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-   -   How long to dry? (https://www.woodworkingtalk.com/f6/how-long-dry-19476/)

Itchy Brother 09-21-2010 08:09 PM

How long to dry?
 
I have a White Birch in the front yard,kinda small,8-10" in dia.Its starting to p___ me off,dropping pollen and the aphids getting sticky stuff all over the cars.If I cut her down to blanks,how long do I have to let dry to use it for turning?P.S. Ive shown it my axe a couple of times as a warning but its still acting up.Itchy

mdntrdr 09-21-2010 08:14 PM

Quote:

Originally Posted by Itchy Brother (Post 152571)
Ive shown it my axe a couple of times as a warning but its still acting up.Itchy


Nuke it! :yes:

john lucas 09-22-2010 03:02 AM

I have not been very successful drying bowl blanks. It takes way to long and the wood checks. I've had pretty good luck saving them until I could turn them by coating them completely with wax. Most bowls I either rough turn them to about an inch thick and let them dry for 5 or 6 months, or I finish turn them to 3/8" or less and just let them warp.
Even with the rough turning procedure I have failures but they are getting fewer. You have to turn everything to the same thickness, bottom tenon and all. The bottom warps less so you can get away with leaving it thinner. I coat all endgrain areas with Anchorseal. If it's a wood I really really want to save I'll put it in a paper sack for the first month.
For bowls that I turn to completion, I just turn them thin and let them dry for about 2 to 3 days. Then I sand the bottom flat and occasionally the rim also. The biggest hassle with this is sanding. Wet wood clogs the sandpaper instantly. I dry the surface with a hair dryer and sand but this is also a pain. Sometimes I will just let it warp and put it back on the lathe and power sand with a drill and leave the lathe turned off. You need someway to lock the lathe in different positions to do this. I now have indexing on my lathe so I just push in the index pin. Before I had that I put a web clamp around the lathe bed and over the chuck. Then I could tension that enough that it would hold the bowl where I wanted it to sand it.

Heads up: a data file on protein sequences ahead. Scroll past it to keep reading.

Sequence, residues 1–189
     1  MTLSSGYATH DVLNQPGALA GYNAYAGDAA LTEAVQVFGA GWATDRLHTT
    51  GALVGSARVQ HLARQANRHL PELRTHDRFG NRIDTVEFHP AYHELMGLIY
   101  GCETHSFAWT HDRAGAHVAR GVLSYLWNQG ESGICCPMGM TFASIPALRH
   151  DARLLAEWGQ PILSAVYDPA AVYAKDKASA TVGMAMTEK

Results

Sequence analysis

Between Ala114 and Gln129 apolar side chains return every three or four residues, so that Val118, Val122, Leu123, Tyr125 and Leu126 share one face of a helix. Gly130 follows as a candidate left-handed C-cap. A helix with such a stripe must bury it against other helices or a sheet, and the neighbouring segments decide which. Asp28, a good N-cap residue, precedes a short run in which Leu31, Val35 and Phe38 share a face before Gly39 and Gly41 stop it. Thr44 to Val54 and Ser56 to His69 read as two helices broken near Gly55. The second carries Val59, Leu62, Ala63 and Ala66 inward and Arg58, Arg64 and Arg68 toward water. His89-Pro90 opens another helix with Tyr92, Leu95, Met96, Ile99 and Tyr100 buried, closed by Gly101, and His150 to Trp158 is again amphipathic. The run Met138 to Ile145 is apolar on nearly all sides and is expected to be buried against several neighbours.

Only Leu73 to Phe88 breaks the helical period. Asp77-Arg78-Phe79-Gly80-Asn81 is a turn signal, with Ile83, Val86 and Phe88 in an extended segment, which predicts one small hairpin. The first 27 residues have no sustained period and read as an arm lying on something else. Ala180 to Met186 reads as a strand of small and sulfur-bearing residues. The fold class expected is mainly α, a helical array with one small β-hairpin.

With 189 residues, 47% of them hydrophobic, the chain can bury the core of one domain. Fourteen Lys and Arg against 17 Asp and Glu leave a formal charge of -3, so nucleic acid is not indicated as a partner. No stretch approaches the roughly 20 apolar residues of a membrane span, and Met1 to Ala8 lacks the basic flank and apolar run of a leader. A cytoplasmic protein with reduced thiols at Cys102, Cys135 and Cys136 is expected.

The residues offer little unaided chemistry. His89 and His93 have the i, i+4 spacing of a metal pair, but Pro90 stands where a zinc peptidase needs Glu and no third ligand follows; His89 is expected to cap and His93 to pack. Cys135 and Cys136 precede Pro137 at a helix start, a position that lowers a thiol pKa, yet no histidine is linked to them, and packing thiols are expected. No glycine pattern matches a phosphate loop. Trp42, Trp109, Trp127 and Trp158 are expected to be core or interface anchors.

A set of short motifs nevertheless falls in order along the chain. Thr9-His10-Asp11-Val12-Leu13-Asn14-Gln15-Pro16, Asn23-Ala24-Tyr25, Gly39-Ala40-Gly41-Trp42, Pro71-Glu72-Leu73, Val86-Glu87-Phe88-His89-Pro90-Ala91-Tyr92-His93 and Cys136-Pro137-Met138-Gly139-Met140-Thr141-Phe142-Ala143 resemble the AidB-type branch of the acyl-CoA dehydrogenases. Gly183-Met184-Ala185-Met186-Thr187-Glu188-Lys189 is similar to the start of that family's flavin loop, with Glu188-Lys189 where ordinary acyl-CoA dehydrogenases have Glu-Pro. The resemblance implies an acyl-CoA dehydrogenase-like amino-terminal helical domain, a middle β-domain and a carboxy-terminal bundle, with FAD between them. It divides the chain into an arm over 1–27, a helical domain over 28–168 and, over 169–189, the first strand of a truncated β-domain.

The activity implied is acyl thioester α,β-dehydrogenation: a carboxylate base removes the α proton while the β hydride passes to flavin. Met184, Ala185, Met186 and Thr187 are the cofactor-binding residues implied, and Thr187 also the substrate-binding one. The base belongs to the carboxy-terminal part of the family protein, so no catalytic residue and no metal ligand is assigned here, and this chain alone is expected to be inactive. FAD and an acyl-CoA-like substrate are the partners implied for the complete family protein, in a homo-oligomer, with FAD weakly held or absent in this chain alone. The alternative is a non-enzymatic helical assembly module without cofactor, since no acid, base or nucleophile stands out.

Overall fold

thekctermite 09-22-2010 11:44 AM

One year per inch of thickness is the time frame to get it completely dry. That isn't fun to wait on, so most people rough turn them green, leaving the form much thicker than it eventually will be. Then you wait on it to dry (and crack and warp), then finish turn it to final dimension months later. A better option is to rough turn it so the walls'thickness is 10% of the overall width of the form, then soak it in DNA for a couple days, then wrap it in newspaper and put it in a paper bag for a couple months. After a month or so, weigh it daily and record the weight loss. When it stops getting lighter it is dry/acclimated and ready to finish turning.

Itchy Brother 09-22-2010 04:07 PM

Im too old to wait months or years till the wood dries.The tree will go to the dump.Ill stick to glueing up and turning of the hardwood I get at the lumberyard or maybe buy the blanks already dried.Theres a place, in a close to me town, that sells blanks , Ill have to visit it.:wallbash:

tooljack 09-22-2010 07:37 PM

Quote:

Originally Posted by Itchy Brother (Post 152688)
Im too old to wait months or years till the wood dries.The tree will go to the dump.Ill stick to glueing up and turning of the hardwood I get at the lumberyard or maybe buy the blanks already dried.Theres a place, in a close to me town, that sells blanks , Ill have to visit it.:wallbash:

:smile::smile:Hello Itchy. :yes: I know the feeling sometimes I have the felling that I may be becoming to mature (77) to wait for sometihing to come about. I try to short cut the sore points when I can. As for drying wood it does take a long time and there is the warping, and checking. Some of the pain can be lessend with treating the wood. PEG 1000, availabel from some wood supply stores, will stablelize green wood to stop the warp, check. I have used White Glue and water to do the same thing (stablize) the piece. I mix the glue with a volume of water to cover the pieces, and let them soak up the mixture. You can work them and recondition as needed. They will be stable, the only side effect can be in the finish. kGood to see your post. Jackie!


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